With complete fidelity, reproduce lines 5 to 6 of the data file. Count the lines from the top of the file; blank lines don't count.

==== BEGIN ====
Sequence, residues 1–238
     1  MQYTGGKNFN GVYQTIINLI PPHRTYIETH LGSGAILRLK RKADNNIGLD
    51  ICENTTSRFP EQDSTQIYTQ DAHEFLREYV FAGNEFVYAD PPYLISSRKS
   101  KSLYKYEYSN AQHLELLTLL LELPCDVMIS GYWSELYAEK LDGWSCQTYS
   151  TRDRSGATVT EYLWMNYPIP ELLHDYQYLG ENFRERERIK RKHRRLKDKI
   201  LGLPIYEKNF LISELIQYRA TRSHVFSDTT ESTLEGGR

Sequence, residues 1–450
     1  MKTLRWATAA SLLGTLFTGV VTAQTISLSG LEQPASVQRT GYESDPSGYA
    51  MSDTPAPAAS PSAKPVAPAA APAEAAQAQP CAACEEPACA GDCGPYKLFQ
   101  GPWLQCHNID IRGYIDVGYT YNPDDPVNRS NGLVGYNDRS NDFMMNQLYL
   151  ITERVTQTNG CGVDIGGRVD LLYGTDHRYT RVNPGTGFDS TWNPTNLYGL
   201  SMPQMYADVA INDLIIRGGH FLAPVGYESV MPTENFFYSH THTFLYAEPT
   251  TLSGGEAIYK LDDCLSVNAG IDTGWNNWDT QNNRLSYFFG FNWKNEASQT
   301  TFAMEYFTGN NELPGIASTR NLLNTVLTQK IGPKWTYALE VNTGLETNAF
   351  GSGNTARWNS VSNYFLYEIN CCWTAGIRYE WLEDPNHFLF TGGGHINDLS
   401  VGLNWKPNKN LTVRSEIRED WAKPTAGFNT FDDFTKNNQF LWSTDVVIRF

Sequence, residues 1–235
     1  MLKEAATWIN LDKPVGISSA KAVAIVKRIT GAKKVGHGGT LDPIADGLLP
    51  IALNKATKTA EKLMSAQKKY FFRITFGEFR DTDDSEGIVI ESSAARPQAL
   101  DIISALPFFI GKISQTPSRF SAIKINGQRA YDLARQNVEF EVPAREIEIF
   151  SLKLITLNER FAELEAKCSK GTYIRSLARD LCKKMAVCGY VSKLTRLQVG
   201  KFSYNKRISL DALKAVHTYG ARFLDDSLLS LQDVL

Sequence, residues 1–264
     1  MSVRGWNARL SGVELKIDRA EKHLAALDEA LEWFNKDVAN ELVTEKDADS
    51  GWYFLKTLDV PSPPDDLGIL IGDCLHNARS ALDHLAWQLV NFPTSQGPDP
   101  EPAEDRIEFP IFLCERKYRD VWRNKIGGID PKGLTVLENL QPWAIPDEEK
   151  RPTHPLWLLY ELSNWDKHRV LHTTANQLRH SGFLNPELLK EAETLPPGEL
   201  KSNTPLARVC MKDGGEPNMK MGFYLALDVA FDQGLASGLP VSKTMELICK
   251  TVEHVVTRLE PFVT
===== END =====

   151  TRDRSGATVT EYLWMNYPIP ELLHDYQYLG ENFRERERIK RKHRRLKDKI
   201  LGLPIYEKNF LISELIQYRA TRSHVFSDTT ESTLEGGR